Re-introduction is the deliberate or accidental translocation of a species into the wild in areas where it was indigenous at some point, but no longer at the present. Re-introduction is used as a wildlife management tool for the restoration of an original habitat when it has become altered or species have become extinct due to over-collecting, over-harvesting, human persecution, or habitat deterioration. An example of a successful translocation was the one performed with the plant Narcissus cavanillesii to prevent its flooding due to the construction of a dam.[16]


Re-stocking is the translocation of an organism into the wild into an area where it is already present. Re-stocking is considered as a conservation strategy where populations have dropped below critical levels and species recovery is questionable due to slow reproductive rates or inbreeding. The World Conservation Union recommends that re-stocking only occur when the causes of population decline have been removed, the area has the capacity to sustain the desired population, and individuals are of the same ecotype as the population into which they are released but not from genetically impoverished or cloned stock.[17]

Insurance populations[edit]

Another type of translocation of species is effected in order to create an "insurance population" for a rare species to ensure its future survival, where captive breeding is not an option. Where a population is endangered in its natural wild habitat, it may be translocated to a safer environment. The primary goal of creating an population is "to capture and maintain representative wild genetic diversity, as well as maintain demographic stability, for as long as possible". They are usually established when the population of the species is already critically low, and one of the many challenges in expanding an insurance population is maintaining its genetic diversity. One of the most well-known examples of insurance populations are those established for the Tasmanian devil, since the first one was established in 2006.[18] The population of the species has been decimated by devil facial tumour disease, and around 600 healthy devils are kept in captivity at zoos, wildlife parks and sanctuaries in Tasmania and on mainland Australia.[19]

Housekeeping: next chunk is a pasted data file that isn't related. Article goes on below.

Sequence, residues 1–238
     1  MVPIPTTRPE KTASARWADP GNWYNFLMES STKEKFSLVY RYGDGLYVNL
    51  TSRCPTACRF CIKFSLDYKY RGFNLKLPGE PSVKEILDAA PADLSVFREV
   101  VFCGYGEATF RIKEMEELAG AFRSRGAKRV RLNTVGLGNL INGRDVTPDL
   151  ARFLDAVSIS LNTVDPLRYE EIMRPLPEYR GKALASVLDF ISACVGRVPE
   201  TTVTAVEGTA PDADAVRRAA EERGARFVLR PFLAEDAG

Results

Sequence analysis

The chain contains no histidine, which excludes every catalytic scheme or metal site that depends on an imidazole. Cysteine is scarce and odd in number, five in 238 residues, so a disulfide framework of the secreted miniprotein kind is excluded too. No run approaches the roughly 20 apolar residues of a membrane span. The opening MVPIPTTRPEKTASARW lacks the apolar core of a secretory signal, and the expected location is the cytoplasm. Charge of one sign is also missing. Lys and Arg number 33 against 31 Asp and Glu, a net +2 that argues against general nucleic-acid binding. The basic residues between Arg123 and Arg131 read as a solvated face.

Insurance populations are established where predators don't exist or can be kept out, and other environmental dangers such as bushfires can be guarded against. The insurance population can be built up so that re-stocking of the wild population can occur. An example of this is in the management of the critically endangered marsupial, Gilbert's potoroo, in Western Australia. As of 2022, two populations are being established at remote islands and one within a conservation park in order to conserve the species.[11][20]

An insurance population of a frog found in central America, the spiny-headed tree frog, is maintained by the El Valle Amphibian Conservation Center in Panama; Atlanta Botanical Garden in the US; and a few AZA zoos.[21]

As well as animal species, insurance populations of plants are cultivated, for example the Royal Botanic Gardens Victoria in Melbourne, Australia, collects seeds of endangered plants from across the state of Victoria,[22] such as Westringia cremnophila.[23]


Percentage of translocated animals by class (Source:Griffith et al. 1993)